Swiss solar expects the country's capacity to remain below 264 megawatts in 2017 - the country's 2016 figure. EUP also expects a slight decline in growth in 2017, while his Markit believes it will be flat with 2016. David stickelberger, chief executive of swissolar, said that Switzerland is expected to grow by about 300 MW this year, while ihsmarkit even predicted that this year's growth will be slightly less than 340 MW and 380 MW in 2019. 400 megawatts by 2020.
Switzerland is now introducing a self consumption policy. IHS Markit analyst Susan nevon aichberger stressed that even without one-time subsidies, self consumption of photovoltaic power generation can often be profitable.
Stickelberger also believes that electricity liquidity is an important driving force for the Swiss photovoltaic market.
The return of solar energy in Greece
Greece is preparing bids for new 300 MW PV and wind power projects to be held on July 2, and there will be more bids for PV capacity between 2019 and 2020. In 2018-2019, Greece is expected to add another 800 MW of solar photovoltaic and wind power projects through joint auctions.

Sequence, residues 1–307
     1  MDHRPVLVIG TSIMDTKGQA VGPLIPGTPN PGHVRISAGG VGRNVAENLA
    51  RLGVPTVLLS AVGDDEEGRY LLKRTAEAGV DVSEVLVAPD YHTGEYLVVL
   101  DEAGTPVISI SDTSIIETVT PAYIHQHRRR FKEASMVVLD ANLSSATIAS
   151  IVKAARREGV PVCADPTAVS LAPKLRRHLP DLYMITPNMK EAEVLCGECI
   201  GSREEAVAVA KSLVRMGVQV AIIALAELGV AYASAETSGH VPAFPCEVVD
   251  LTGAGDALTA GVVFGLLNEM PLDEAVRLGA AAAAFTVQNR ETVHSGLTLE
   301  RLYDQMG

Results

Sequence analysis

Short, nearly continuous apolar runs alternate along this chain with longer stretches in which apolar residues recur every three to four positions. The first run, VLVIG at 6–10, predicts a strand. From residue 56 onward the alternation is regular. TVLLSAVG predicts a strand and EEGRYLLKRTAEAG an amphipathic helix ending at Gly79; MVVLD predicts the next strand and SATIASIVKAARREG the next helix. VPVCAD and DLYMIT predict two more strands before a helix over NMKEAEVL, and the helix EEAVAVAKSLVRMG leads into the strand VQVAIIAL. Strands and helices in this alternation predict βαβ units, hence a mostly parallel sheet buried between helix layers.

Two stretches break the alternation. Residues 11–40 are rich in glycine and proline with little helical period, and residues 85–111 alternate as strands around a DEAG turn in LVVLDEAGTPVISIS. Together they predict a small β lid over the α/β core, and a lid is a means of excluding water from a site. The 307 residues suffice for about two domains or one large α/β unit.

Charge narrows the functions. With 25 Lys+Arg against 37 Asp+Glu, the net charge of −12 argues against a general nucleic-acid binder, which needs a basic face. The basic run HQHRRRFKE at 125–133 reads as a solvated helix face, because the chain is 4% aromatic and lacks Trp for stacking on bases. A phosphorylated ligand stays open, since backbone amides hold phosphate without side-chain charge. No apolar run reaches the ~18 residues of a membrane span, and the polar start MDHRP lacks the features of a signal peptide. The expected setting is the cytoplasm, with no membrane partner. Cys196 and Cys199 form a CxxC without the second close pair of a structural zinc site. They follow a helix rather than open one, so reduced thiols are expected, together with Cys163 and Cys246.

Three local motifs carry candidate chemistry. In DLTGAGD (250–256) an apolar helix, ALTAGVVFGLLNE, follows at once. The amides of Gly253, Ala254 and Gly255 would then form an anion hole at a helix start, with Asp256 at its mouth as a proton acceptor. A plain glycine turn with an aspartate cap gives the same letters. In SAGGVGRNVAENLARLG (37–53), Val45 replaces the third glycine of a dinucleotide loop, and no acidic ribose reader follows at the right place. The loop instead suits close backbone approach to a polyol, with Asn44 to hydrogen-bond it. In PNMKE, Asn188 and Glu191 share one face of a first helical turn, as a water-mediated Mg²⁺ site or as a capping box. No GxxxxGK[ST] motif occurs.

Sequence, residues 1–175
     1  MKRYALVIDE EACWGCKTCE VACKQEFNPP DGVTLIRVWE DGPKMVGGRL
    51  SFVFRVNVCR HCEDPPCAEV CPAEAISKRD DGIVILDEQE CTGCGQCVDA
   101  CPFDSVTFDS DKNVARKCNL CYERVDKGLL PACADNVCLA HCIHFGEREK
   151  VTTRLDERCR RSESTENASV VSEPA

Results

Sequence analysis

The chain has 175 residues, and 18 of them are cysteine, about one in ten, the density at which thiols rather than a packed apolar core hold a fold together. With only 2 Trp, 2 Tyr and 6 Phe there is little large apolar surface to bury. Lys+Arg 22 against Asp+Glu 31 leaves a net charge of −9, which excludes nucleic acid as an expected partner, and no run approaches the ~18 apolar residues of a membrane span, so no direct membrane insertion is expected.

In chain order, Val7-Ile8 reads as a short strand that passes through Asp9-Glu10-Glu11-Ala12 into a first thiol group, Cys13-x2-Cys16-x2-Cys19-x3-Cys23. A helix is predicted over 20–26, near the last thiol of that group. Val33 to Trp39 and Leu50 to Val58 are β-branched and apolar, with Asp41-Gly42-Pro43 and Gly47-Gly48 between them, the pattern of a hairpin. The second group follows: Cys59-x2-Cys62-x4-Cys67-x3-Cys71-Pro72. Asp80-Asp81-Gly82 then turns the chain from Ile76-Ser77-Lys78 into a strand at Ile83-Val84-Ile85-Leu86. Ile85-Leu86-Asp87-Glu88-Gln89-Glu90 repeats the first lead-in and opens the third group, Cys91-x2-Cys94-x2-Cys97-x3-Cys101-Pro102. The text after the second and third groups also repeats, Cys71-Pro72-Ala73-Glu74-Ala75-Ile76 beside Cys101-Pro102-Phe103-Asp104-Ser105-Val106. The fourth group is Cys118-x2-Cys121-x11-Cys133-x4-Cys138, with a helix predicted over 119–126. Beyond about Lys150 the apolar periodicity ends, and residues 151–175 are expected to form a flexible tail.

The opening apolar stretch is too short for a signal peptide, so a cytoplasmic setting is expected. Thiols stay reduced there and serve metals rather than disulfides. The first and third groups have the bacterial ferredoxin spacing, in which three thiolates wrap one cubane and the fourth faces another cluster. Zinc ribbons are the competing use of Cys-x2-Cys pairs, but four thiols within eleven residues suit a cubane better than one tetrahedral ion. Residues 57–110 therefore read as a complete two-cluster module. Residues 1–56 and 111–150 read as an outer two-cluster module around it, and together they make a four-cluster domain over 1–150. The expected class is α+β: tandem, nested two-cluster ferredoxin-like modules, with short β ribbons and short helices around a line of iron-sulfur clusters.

According to the latest statistics of lagie, the Greek electricity market operator, Greece's current cumulative installed capacity is 2094 MW of large-scale ground projects and 351 MW of roof photovoltaic. Most of the time between 2012 and 2013 was installation. In the December 2014 net metering scenario, only 16 MW units were installed.
At present, all eyes are focused on the coming auction. Successful bidders will be able to participate in the energy market and will receive a floating premium. The premium will depend on market variables (for example, the marginal price of the system) and the price of electricity set through bidding. This policy eventually brought about competition in the renewable energy market in Greece. But it needs more participants. It is expected that the tender in July will need to attract at least 75% more capacity than the tender volume.
Stelios psomas, a policy consultant of helapo, believes that due to the lack of mature projects in the bidding projects, the bidding volume set seems unreasonable.
Poland flees coal slowly
Although the current installed capacity of solar energy is only about 280 MW, Poland is expected to auction about 750 MW of photovoltaic power this year, which can further help the most polluted country in Europe to achieve a more reasonable level of renewable energy deployment.
The 2018 auction is likely to be no more than 1 MW. Large scale projects should have a better chance at another 180 MW hybrid power plant auction. But wind power is likely to be allocated to a gigawatt of capacity.
PV Poland said that in the past few years, the roof solar system of 40kW and below under the net metering scheme has greatly promoted the development of photovoltaic. By 2020, the photovoltaic power generation in Poland will probably rise to 1GW.